Asian shares and U.S. stock futures dipped into the red on Tuesday, erasing earlier gains as a renewed decline in oil prices overshadowed optimism about the easing of coronavirus-related restrictions seen globally.
MSCI’s broadest index of Asia-Pacific shares outside Japan was down 0.3%. Shares in China fell 0.7% and South Korean shares fell 0.22%.
Oil futures slumped after the largest U.S. oil exchange-traded fund said it would sell all its front-month crude contracts to avoid further losses as prices collapse.
Some investors are hoping the worst may be over for the world economy as more countries allow businesses to re-open, but others see reasons to remain cautious, especially as a coronavirus vaccine has yet to be developed.
All three major U.S. stock averages advanced on Monday and are all now within 20% of their record closing highs reached in February.
The benchmark S&P 500 is on track for its best month since 1987, after trillions of stimulus dollars helped U.S. equities claw back much of the ground lost since the coronavirus crisis brought the economy to a grinding halt.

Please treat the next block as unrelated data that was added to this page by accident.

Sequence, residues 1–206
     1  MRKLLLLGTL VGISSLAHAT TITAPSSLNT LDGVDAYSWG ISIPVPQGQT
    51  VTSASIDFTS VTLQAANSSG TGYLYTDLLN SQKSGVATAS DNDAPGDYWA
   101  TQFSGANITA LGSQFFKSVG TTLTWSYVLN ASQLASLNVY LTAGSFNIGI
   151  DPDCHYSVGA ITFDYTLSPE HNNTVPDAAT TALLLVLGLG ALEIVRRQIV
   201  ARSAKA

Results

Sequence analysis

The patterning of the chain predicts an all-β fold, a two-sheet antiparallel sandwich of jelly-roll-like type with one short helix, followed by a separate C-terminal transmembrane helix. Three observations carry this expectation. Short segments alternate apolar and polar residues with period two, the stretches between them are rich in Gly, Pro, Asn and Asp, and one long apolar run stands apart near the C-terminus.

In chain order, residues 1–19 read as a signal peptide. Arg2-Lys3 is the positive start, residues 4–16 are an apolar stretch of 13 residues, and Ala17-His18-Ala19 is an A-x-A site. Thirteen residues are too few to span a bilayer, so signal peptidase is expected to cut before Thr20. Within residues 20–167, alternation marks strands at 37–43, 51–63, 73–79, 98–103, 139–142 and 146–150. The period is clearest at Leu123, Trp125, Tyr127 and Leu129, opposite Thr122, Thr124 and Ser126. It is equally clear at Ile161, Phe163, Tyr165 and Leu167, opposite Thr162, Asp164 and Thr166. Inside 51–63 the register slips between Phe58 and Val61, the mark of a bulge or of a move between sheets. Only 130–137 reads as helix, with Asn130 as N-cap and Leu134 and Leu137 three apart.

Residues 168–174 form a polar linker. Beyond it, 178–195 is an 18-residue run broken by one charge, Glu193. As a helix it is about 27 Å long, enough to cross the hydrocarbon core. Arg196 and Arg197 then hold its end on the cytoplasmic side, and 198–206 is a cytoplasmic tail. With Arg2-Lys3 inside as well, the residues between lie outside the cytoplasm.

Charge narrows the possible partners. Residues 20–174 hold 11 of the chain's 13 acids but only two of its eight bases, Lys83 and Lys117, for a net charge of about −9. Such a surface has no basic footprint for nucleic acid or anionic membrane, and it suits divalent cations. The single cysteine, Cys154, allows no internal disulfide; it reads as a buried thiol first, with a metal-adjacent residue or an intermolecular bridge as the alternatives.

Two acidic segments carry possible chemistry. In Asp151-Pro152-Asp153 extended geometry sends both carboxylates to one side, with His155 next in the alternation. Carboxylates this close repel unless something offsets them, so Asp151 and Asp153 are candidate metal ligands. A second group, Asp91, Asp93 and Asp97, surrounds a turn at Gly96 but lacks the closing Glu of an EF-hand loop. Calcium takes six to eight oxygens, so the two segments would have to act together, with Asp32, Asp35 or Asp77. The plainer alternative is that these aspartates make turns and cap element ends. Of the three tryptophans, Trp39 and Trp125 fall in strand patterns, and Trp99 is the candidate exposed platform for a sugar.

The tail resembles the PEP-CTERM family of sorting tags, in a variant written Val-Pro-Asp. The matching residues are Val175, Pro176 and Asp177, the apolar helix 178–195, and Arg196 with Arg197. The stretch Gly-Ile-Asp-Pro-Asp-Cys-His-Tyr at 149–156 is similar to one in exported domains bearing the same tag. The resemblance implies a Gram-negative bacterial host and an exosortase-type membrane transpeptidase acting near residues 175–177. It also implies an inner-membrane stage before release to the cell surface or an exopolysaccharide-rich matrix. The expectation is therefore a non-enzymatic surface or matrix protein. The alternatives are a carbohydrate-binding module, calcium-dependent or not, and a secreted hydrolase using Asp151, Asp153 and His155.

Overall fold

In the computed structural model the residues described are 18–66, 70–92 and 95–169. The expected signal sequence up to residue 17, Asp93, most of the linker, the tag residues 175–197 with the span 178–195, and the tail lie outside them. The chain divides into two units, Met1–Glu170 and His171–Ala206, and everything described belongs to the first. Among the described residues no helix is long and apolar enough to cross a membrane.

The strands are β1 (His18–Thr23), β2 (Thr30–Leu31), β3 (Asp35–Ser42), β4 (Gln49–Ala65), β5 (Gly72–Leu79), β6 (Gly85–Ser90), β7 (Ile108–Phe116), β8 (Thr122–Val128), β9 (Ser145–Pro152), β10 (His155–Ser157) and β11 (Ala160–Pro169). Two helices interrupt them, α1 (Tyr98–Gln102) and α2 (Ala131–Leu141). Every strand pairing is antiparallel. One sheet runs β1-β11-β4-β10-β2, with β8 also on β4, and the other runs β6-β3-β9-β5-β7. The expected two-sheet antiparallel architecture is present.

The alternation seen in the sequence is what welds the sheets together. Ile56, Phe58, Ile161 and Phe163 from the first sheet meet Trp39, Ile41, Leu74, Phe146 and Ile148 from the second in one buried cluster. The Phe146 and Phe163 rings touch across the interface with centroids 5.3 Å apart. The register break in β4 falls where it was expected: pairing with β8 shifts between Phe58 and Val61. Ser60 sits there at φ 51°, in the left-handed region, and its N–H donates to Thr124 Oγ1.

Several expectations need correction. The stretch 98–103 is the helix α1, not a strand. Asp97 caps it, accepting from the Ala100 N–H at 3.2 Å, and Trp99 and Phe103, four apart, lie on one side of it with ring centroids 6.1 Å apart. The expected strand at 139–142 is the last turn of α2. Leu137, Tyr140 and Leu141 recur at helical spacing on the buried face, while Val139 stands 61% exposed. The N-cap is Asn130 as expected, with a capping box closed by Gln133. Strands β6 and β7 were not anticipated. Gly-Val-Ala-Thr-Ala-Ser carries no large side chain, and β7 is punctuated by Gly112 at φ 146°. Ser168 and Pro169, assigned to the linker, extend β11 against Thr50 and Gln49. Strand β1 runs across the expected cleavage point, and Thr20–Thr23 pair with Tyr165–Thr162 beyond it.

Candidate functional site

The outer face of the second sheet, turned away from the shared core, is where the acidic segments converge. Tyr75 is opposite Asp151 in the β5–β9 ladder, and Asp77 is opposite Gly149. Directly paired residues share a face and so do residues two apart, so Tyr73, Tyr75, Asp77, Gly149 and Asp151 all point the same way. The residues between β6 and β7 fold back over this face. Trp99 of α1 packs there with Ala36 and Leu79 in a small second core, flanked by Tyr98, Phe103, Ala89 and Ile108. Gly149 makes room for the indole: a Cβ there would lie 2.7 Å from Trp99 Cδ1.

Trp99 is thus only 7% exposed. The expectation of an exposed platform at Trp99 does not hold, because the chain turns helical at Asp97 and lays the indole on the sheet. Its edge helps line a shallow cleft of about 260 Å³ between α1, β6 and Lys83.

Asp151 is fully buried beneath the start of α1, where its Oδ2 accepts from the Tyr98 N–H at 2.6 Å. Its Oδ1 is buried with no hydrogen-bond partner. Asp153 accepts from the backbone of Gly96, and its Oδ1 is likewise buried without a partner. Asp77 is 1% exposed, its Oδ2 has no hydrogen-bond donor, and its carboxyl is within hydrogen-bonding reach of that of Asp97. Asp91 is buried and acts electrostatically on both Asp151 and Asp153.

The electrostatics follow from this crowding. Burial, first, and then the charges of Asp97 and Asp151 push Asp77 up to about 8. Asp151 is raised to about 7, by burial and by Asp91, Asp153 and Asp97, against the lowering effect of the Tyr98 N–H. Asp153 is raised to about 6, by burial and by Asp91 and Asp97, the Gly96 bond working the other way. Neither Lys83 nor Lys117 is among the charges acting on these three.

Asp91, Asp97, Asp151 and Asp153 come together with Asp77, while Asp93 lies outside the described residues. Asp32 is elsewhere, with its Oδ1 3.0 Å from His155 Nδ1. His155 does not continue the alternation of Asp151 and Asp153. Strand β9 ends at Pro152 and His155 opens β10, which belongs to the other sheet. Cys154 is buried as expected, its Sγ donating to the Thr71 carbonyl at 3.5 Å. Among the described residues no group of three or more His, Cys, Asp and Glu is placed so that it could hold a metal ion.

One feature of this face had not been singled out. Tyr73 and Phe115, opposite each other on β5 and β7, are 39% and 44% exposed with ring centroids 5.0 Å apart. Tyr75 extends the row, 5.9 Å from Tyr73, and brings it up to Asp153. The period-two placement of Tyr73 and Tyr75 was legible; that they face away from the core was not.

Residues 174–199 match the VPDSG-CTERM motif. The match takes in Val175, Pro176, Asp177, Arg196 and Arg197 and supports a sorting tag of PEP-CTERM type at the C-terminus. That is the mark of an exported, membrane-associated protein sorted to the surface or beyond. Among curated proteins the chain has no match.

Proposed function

Oil prices weakened again on persistent concerns about oversupply and a lack of storage space. The front-month contract was trading at lower-than-usual volumes on Monday as traders moved to later months in futures contracts.
U.S. crude skidded 14.24% to $10.96 a barrel while Brent crude fell 4.05% to $19.18 per barrel.
Shares of United States Oil Fund LP , the country’s largest crude ETF, fell more than 16% on Monday, after it said it would sell all of its front-month crude contracts to avoid a repeat of the heavy losses suffered last week.
The U.S. dollar and the euro were little changed as traders refrained from taking big positions before a Federal Reserve policy decision due on Wednesday and a European Central Bank meeting Thursday.
The Fed has already announced a raft of measures to lessen the economic blow from the coronavirus pandemic and is expected to stay on hold this week.
Major central banks have responded to the economic slump caused by the coronavirus by slashing interest rates, buying more government debt, and taking steps to increase lending to small companies.
Gold, a safe-haven often bought during times of uncertainty, fell for a third consecutive trading session in signs of improving risk appetite.